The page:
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Abstract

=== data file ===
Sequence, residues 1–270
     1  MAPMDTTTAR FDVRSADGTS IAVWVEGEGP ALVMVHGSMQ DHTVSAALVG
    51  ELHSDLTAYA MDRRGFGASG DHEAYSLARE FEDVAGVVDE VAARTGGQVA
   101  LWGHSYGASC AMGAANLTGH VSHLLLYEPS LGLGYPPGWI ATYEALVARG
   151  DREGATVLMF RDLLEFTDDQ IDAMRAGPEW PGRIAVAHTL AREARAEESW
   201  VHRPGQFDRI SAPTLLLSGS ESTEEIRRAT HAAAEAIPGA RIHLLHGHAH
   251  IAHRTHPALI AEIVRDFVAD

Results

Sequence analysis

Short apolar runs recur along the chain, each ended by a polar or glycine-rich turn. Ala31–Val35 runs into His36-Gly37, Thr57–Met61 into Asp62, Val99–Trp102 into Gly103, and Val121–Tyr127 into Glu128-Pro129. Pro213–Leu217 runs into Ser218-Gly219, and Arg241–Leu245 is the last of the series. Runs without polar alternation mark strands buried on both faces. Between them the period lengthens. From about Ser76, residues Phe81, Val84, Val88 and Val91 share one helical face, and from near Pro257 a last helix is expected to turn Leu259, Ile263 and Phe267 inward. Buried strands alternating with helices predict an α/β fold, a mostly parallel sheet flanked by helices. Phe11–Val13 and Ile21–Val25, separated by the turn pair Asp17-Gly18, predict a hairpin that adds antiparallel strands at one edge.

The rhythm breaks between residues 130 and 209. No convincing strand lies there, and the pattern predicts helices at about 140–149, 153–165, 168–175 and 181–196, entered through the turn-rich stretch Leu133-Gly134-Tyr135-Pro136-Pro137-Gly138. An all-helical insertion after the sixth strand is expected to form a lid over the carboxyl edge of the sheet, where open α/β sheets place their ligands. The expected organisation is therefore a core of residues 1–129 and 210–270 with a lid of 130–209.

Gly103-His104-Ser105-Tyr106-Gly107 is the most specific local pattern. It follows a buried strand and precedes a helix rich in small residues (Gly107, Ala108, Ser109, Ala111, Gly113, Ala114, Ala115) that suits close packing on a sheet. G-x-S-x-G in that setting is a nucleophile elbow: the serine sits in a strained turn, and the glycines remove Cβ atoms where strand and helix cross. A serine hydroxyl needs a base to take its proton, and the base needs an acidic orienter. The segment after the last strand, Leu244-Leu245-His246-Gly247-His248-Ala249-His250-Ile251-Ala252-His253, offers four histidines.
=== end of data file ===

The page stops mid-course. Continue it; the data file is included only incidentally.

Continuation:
While Georges Bataille’s “Story of the Eye” challenges many boundaries (pornography and art among them), his central concern was of the boundary between the possible and the impossible, or, what could be expressed in language. Though his novel has had a long critical history related to its unique narrative and thematic concerns, few have identified Bataille’s linguistic constructions as an integral piece of his project to transcend the boundaries of possibility in his novel. Experimenting with unexpected sense-language descriptors in “Story,” Bataille confronts readers with sensory experiences that exist outside the text—provoking a disruption in the normally separate spaces between reader, author, and text. Synaesthesia enables Bataille to trouble the divisions between the senses more strongly than any other literary device can, providing a greater opportunity to represent what would be otherwise impossible. A close reading of “Story,” considered along with Bataille’s theoretical work on the impossible, informs this paper’s analysis of the “avant-garde” or transgressive/transcendent possibilities of synaesthetic language in Bataille’s “Story.”

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